If 2011 saw a monumental change in the governments of the Middle East, 2012 has demonstrated that revolution takes some time, that conflict is sustained and that some of the same challenges are not consigned to history.
Protests continue in Egypt’s capital Cairo, as over one hundred thousand demonstrators have recently taken to the streets and gathered once again in Tahrir Square in opposition to dictatorial decrees by President Mohammed Morsi. With only one hundred days in power, Morsi’s fledgling tenure as president has resulted in examples of sweeping authority, transferring all executive and legislative powers from the military council to his offices.
Such actions are reminiscent of the power exercised by former President Hosni Mubarak. The on-going distrust of Morsi’s presidency returns the chant of the 2011 revolution: "The people want to bring down the regime".
These are Verso’s key titles on the challenges facing Egypt and the Middle East, where uprising continues from the hopefulness of the Arab Spring to the challenges ahead.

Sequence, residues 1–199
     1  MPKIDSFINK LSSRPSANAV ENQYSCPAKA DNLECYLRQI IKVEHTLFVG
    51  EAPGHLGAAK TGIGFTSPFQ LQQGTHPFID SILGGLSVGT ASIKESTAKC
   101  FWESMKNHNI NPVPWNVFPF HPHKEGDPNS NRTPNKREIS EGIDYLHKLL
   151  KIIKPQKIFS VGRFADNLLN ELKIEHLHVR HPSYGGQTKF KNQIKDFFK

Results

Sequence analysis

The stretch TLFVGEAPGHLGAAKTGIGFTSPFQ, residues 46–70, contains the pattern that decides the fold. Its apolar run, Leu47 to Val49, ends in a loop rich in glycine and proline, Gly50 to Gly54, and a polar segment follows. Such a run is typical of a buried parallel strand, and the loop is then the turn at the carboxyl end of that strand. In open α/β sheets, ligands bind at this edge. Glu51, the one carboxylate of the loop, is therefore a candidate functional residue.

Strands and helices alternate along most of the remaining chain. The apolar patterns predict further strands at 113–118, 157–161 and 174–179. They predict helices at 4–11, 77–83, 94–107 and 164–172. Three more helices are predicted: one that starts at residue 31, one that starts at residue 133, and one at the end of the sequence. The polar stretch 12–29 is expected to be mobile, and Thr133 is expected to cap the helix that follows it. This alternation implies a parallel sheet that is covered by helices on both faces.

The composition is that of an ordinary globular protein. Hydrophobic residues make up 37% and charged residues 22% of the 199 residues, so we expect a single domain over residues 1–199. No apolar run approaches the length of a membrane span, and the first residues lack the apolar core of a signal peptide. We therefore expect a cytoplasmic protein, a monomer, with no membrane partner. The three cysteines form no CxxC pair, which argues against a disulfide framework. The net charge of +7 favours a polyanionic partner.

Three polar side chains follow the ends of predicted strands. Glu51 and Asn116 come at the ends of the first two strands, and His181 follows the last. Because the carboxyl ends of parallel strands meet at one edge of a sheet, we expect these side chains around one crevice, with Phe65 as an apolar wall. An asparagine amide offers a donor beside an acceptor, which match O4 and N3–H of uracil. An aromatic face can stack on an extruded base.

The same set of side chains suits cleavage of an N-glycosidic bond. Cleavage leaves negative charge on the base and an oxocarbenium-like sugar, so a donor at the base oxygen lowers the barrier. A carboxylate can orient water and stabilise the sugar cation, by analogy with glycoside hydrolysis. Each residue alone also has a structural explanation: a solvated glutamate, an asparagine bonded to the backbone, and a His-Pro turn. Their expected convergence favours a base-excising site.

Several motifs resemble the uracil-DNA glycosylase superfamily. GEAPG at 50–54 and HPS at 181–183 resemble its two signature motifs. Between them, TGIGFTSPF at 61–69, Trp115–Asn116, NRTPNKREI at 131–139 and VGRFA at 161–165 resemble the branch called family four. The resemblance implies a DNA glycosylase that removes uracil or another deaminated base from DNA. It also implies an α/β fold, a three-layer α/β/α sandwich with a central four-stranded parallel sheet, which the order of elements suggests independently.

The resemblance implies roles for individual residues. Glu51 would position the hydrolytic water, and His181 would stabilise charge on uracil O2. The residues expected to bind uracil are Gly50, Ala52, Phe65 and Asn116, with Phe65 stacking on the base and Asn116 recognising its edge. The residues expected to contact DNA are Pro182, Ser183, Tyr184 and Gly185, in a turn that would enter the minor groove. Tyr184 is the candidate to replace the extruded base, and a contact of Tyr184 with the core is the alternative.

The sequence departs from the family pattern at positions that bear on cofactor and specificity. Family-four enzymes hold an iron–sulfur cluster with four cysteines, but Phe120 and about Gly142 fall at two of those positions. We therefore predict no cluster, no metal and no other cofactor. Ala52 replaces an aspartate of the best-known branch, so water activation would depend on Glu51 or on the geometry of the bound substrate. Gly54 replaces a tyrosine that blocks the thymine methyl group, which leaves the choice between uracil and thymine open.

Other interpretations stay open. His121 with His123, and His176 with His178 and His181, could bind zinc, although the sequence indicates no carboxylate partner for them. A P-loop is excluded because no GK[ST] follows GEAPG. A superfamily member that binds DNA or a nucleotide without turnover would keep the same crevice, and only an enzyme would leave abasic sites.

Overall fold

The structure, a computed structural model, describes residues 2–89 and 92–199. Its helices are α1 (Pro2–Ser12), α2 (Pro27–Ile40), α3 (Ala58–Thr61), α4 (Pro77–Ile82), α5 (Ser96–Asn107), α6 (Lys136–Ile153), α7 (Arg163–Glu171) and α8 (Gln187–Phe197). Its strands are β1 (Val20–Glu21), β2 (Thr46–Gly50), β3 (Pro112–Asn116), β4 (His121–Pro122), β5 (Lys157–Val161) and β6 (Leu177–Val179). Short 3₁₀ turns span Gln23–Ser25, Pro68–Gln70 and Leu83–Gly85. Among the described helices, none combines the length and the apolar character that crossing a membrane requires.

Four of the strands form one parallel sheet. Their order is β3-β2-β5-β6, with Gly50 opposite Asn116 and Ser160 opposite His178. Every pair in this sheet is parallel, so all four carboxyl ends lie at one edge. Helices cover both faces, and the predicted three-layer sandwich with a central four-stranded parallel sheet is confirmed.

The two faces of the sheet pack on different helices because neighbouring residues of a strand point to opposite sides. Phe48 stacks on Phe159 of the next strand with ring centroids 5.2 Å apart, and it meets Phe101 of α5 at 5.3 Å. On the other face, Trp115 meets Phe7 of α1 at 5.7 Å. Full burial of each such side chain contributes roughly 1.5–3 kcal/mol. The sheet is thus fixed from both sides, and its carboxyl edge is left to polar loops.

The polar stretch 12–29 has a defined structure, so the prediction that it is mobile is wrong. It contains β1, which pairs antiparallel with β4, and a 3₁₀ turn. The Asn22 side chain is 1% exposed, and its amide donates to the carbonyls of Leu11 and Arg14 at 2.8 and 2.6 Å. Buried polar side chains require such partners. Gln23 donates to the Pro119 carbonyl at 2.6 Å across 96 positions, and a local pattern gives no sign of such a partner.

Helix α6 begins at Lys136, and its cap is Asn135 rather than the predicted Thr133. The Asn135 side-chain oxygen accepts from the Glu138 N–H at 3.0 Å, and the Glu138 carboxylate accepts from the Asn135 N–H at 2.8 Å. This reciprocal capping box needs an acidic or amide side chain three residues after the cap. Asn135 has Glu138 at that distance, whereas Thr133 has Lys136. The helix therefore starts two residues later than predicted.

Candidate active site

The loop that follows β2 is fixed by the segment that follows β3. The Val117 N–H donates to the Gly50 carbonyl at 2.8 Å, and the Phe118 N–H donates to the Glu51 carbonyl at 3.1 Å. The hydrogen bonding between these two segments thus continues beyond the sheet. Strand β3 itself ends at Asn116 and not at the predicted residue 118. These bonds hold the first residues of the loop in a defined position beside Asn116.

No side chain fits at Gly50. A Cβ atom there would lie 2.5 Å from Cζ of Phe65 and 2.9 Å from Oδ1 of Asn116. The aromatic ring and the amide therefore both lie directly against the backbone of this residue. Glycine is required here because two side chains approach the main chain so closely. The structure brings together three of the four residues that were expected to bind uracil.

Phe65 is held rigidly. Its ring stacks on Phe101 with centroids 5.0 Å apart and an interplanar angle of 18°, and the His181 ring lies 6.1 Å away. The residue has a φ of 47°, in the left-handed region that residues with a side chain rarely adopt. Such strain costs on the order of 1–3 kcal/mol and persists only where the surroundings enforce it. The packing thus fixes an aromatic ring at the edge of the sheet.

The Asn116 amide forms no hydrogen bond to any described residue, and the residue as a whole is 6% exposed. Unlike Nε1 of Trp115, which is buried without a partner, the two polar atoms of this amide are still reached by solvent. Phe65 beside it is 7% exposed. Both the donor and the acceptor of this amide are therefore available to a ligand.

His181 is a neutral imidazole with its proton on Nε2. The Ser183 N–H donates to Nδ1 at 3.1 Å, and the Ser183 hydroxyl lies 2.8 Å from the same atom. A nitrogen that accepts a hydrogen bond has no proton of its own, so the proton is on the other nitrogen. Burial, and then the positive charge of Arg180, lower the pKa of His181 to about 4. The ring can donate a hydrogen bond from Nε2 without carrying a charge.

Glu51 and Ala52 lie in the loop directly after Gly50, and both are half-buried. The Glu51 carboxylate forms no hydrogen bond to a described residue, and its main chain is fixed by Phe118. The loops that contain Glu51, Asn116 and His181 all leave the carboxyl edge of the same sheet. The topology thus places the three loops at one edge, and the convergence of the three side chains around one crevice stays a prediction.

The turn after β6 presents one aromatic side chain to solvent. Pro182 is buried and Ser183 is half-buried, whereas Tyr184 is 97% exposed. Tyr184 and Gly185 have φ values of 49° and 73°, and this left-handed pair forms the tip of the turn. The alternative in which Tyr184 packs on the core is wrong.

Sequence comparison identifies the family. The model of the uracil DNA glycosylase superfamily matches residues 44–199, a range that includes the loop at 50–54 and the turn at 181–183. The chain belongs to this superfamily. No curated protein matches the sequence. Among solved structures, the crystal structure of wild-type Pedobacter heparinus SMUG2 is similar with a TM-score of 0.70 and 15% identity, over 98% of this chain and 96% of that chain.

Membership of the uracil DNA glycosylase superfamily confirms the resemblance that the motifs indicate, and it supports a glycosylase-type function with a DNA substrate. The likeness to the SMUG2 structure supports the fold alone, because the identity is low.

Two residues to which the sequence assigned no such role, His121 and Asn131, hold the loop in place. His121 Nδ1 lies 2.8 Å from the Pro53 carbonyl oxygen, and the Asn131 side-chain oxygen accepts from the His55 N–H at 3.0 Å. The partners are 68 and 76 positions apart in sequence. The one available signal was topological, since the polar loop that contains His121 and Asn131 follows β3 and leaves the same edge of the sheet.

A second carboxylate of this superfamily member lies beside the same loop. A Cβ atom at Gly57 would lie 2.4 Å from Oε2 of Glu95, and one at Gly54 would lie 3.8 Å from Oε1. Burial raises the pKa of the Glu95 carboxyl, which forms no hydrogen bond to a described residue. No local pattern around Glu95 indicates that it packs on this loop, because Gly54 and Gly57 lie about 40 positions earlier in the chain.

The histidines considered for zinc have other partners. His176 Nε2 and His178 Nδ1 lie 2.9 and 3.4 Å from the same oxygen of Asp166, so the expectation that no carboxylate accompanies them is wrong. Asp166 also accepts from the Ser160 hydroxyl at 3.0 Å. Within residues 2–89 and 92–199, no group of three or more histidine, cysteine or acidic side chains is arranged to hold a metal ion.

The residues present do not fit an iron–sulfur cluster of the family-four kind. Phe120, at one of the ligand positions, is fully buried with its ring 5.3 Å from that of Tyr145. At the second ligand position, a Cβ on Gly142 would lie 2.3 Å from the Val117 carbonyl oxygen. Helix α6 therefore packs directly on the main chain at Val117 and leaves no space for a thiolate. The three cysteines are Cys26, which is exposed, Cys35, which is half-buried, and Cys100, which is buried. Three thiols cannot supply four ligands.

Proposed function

Coal, because strikes could cut off its supply, made modern social democracy possible. Oil, because its supply has been pretty much guaranteed, compromised democratic gains.Visit Electric Politics to download the podcast in full.
Last Saturday, Timothy Mitchell appeared on The John Batchelor Show on News Talk Radio 77 WABC New York to discuss his new book Carbon Democracy: Political Power in the Age of Oil. Mitchell sat down with guest-host Chris Riback to discuss the political consequences of our collective dependence on oil and its larger role in shaping the contours of our contemporary political landscape.